Cabell teachers get special training
HUNTINGTON -- More than 200 Cabell County teachers spent four days this week in professional development training at Huntington High School.
The main purpose was to continue training on the common core curriculum, which are standards that focus on fewer concepts but stress deeper learning and understanding. The goal is to provide states with fewer, clearer and higher standards that are to be benchmarked against international standards.
But teachers also could attend a variety of afternoon sessions that were developed based on feedback from teachers about where they felt they could use additional training.
Jeff Smith, the director of Curriculum and Assessment, said those sessions focused heavily on technology training, such as using iPads in the classroom, helping students understand the responsibility of using social media, classroom management, writing and note-takng strategies and the use of gaming as an educational resource.
Karen Dailey, who co-taught Wednesday's session on iPads, said teachers are using them in their classrooms. But many aren't getting the full capabilities of the device and the applications that can be downloaded.
"We're trying to show teachers how they can use (iPads) for more than just skill and drill," Dailey said. "What we're trying to show them is there are lots of apps for students to be creative, for more critical thinking, where they can produce something."
One example she shared with teachers was a kindergarten class last year that used iPads to create e-books to show how they mastered their knowledge of West Virginia symbols. She also mentioned Skype, which is an online video conferencing tool that can connect people from all around the world.
Teachers who took part in the four-day training received a stipend and were able to earn college credit through Marshall University at a discounted rate. For many, it was about being able to better understand the common core and be able to successfully use it in their classrooms.
"The training is very valuable," said Richard Mitchell, who teaches math at the Alternative School. "(Common core) is totally new to teachers and students, definitely for students who weren't used to having to be problem solvers."
Kacie DeCarlo teaches freshman math at Huntington High School, and introduced the common core standards to her students last year. It was a little difficult for the students because they hadn't seen it as eighth-graders. As Cabell County continues the implementation -- it will be rolled out completely for the 2014-2015 school year -- it should be more easily taught and understood by students.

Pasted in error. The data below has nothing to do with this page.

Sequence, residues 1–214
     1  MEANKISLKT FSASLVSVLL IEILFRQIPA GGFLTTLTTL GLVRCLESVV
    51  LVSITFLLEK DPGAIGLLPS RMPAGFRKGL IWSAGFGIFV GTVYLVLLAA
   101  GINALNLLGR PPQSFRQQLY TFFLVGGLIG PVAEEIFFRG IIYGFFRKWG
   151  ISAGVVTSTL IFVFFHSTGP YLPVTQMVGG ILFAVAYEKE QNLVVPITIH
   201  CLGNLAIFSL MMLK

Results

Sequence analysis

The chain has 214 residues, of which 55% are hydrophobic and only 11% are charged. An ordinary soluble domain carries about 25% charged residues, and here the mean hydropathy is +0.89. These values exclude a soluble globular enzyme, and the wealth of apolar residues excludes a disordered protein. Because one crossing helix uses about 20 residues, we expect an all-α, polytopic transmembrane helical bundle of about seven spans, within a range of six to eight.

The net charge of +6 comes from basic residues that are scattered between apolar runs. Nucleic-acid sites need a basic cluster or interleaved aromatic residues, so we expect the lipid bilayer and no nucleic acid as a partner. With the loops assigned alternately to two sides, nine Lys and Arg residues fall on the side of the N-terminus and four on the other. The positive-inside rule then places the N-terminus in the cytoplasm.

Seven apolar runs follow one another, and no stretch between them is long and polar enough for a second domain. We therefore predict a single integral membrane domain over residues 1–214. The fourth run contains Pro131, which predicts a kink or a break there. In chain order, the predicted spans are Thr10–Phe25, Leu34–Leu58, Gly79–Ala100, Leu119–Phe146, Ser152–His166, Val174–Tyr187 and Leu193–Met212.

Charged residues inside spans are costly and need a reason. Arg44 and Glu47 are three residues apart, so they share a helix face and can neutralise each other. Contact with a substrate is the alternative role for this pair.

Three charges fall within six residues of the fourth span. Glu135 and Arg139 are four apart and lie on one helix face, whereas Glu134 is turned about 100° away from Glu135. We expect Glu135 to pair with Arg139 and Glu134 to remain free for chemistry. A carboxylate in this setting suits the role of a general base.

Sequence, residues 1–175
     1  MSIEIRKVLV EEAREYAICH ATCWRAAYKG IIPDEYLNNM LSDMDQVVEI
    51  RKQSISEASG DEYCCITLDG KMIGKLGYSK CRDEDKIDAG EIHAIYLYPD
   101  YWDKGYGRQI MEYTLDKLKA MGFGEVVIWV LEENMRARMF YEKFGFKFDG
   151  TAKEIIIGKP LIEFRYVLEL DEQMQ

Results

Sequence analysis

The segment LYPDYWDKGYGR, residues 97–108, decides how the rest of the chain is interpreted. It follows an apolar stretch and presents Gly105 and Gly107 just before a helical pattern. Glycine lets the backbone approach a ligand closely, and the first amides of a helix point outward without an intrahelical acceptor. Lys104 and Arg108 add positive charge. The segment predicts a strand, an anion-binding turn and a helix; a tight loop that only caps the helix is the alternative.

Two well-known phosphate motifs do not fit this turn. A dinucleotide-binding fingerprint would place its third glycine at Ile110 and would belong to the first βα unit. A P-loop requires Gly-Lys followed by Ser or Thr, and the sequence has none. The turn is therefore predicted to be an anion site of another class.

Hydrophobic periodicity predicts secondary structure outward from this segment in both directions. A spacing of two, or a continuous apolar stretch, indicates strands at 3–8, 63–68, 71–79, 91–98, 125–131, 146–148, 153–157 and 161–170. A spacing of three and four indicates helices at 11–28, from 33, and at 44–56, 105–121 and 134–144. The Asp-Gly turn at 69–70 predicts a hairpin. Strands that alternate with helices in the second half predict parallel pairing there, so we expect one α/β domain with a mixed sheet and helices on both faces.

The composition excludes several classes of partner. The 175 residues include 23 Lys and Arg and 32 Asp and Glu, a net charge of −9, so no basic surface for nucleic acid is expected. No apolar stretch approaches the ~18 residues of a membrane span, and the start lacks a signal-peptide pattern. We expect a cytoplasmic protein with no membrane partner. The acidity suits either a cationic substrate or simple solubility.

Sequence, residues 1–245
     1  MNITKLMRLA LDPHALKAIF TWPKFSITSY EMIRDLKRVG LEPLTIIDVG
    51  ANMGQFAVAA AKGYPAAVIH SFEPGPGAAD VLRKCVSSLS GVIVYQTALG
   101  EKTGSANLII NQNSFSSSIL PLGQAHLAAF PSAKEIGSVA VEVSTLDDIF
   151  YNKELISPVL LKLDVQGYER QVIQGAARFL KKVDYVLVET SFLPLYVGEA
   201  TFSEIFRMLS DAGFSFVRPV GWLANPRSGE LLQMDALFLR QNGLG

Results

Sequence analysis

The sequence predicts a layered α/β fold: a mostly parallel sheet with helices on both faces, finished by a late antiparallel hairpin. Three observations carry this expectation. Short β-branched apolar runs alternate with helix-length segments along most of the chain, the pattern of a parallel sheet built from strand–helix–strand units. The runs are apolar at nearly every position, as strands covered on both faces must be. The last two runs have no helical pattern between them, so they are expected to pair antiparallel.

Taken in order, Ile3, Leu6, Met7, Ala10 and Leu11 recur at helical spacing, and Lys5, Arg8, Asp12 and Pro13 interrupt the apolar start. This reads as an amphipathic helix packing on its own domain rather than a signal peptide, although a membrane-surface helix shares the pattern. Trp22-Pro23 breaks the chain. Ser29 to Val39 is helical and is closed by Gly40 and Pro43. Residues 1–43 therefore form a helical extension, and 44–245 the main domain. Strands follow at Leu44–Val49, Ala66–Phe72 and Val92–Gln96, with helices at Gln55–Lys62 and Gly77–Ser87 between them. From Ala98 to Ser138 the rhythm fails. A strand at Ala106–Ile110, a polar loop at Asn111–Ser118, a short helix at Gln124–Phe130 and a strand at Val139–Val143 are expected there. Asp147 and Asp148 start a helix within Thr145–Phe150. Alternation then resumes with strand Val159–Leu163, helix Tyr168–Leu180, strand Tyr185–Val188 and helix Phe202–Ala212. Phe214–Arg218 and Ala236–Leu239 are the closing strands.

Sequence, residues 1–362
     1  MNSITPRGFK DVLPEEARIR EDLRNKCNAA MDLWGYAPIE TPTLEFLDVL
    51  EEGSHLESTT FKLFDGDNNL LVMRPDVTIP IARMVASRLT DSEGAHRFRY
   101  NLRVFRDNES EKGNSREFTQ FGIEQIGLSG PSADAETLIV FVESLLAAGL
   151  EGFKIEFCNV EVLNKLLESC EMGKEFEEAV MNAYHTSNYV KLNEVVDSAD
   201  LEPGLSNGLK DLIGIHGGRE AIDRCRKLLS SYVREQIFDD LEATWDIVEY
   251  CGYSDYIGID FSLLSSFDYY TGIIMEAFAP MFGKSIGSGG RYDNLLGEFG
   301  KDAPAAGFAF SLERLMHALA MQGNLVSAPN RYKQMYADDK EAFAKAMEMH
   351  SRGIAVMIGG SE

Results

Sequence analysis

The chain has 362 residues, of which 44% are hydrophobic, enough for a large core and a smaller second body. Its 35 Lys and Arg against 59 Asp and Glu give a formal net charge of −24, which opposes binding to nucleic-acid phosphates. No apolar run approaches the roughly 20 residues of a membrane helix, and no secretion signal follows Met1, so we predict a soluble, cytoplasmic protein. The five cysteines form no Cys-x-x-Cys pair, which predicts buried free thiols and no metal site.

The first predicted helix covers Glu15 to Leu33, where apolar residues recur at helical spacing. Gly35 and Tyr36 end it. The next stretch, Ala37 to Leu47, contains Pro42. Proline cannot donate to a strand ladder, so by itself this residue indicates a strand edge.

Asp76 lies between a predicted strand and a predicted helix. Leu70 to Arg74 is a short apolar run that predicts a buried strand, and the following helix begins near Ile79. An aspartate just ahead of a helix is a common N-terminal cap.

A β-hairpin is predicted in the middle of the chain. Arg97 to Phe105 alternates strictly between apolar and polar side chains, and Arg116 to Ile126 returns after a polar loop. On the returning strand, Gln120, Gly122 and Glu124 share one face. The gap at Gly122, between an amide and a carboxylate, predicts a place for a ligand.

DeCarlo said the training this week was more valuable than words can describe, mainly because she was able to meet with other math teachers from her school and Cabell Midland to discuss ideas and share resources.
That kind of feedback is what Smith points to as evidence that teachers in Cabell County are taking ownership of their classrooms and schools. In fact, many of the sessions during the week were taught by teachers who went through common core training during the past two years.
And, he said parents can be confident the training will translate into a better classroom experience for their children.
"We try to make sure everything we offer is absolutely applicable to what they are doing in their in their content area," Smith said. "And take it back to their classrooms to use."
First day of school year approaching
HUNTINGTON -- The first day of the 2013-2014 school year is fast approaching, as Cabell and Wayne counties start Thursday, Aug. 8.
Children in Lincoln County head back Wednesday, Aug. 14; Monday, Aug. 19, in Mason County; and Thursday, Aug. 22, for students in Putnam County.
Teachers and service personnel on 200-day contracts report for three days of preparation and professional development prior to the first day.
In addition, St. Joseph Central Catholic High School will start Wednesday, Aug. 7, while the grade school will start Monday, Aug. 12.
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